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Michael Howard - The Man

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posted on Feb, 12 2005 @ 03:19 PM
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well i just finished watching an hour long documentary on bbc2 about michael howard and just wondered how you guys perceive him?

it seems to me as he has changed an awful lot since his days in government, i think he is a lot calmer, a lot more reasoned and a whole lot more diplomatic. i think through his time in opposition he has actually understood a lot about how badly he came across in the 90's, and has changed the way he behaves in interviews and in public situations.

tony blair constantly attacks his record as home secretary, and yes he made lots of mistakes, both policy wise and the way his personality came across. but surely the acid test of a person and a politician is whether you learn from your mistakes and grow wiser and stronger?

whether or not you agree with him politically, i was wondering whether you would like him as a leader (assume no political bias here, purely look at him as a leader, and as a person)? and if you think he has shaken off the negative image (eg dracula) portrayed of him?

[edit on 12/2/05 by gareth_24]




posted on Feb, 12 2005 @ 05:28 PM
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Originally posted by gareth_24
whether or not you agree with him politically, i was wondering whether you would like him as a leader (assume no political bias here, purely look at him as a leader, and as a person)? and if you think he has shaken off the negative image (eg dracula) portrayed of him?

[edit on 12/2/05 by gareth_24]


- Personally I'd say he comes across as someone who surrounds himself with 'yes' men.
There is no real variety of view in todays tory front bench unlike in the days when even Thatcher had Heseltine, Howe, Walker etc etc in her cabinet.

I'd also say no he hasn't shaken off his negative image (this applies to the tory party in general too in my view). He will be Mr Poll tax etc etc for many forever.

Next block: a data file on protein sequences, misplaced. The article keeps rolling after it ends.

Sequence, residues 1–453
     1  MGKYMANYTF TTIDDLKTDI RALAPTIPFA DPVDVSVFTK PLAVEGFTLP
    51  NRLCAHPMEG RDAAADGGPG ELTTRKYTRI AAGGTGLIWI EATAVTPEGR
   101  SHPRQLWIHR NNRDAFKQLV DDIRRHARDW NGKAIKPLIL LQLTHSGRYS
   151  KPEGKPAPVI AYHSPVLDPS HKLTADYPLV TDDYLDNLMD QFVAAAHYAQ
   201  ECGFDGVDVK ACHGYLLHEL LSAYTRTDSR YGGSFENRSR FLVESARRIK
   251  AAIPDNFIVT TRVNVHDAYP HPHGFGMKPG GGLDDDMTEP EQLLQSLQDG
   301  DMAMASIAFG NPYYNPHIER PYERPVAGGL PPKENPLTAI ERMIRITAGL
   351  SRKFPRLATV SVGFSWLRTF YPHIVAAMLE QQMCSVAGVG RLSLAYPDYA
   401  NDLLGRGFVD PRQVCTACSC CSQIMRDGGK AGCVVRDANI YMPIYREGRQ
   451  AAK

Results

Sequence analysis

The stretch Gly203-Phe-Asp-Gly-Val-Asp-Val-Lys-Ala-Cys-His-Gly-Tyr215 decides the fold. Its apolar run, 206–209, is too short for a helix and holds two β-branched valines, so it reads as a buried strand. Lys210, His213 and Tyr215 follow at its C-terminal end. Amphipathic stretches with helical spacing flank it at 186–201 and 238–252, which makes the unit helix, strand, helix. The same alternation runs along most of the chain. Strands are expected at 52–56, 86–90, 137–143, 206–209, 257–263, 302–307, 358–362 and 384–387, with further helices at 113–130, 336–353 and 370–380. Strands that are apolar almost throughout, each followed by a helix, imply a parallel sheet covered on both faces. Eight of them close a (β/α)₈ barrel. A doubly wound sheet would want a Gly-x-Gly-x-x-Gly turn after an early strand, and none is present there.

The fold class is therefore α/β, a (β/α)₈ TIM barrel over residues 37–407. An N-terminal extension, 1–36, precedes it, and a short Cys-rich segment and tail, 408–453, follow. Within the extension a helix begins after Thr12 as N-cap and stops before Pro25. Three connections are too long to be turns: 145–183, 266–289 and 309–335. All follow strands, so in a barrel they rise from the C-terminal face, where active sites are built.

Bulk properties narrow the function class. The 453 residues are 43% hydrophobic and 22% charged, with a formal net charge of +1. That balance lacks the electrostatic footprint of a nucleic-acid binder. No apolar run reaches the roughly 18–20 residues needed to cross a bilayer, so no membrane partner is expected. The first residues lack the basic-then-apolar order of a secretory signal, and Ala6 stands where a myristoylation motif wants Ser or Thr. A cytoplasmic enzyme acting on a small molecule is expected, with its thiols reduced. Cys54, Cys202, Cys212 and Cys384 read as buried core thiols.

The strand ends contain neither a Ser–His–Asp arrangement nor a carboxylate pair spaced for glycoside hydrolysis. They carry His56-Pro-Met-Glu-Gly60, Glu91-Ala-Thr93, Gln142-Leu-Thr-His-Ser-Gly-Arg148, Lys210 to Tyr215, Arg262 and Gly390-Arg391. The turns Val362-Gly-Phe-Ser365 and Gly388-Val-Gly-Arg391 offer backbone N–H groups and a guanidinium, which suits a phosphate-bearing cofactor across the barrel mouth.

He's pretty clearly there to try to nurse the tory party to a less heavy defeat than Hague got last time, he's certainly not got a mission of winning. He's to try and keep things ticking over until the next gen is ready.

I'd also say he has managed to get himself the reputation of being set to jump on the nearest passing bandwagon at the drop of a hat.

Things like his attempt to use immigration (and basically any old stereotype Alf Garnet type attitude to almost any issue going) will have left a bad taste in the mouth of many many educated and middle-class potential voters, a serious gaffe IMO.

He's (like his party in general) still way too identified with the worst of the Thatcher and Major days.....

.....and the story of how he and his party have tried to have it all ways round over the Iraq war hasn't done them the slightest favours either.

(probably no surprises there but you did ask.
)



posted on Feb, 12 2005 @ 06:04 PM
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Originally posted by sminkeypinkey

I'd also say no he hasn't shaken off his negative image (this applies to the tory party in general too in my view). He will be Mr Poll tax etc etc for many forever.


ok, in terms of his image amongst those who remember those, you may well be right about the image. do you think this is right? should he be judged on what he did then, or what he can do in the future, like i said i believe he's learned a lot from his mistakes and is a much more rounded politician these days.

and what about how he comes across to younger voters (i suppose i could count myself as one of them) who werent around to remember the poll tax, etc? surely his image to them will be better than it is to those who remember the thatcher and major years?


Originally posted by sminkeypinkey
I'd also say he has managed to get himself the reputation of being set to jump on the nearest passing bandwagon at the drop of a hat.


i'd probably agree with that, but i was looking for more of an opinion on him as a person and a leader rather than his political stances.


Originally posted by sminkeypinkey
He's (like his party in general) still way too identified with the worst of the Thatcher and Major days.....


do you think this is justified? do you think that in anyway he has improved his image - take into account the younger voters as well....

.....and as i said try and look at this without thinking about whether you agree with his policies. do you think now he comes across as a better person and a good leader (regardless of his policies!)?



posted on Feb, 12 2005 @ 06:38 PM
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Originally posted by gareth_24
ok, in terms of his image amongst those who remember those, you may well be right about the image. do you think this is right? should he be judged on what he did then, or what he can do in the future, like i said i believe he's learned a lot from his mistakes and is a much more rounded politician these days.


- I'd say people have an ingrained suspicion about politicians full stop.
Give them a long track record too to examine and that is likely to be pretty conclusive for many.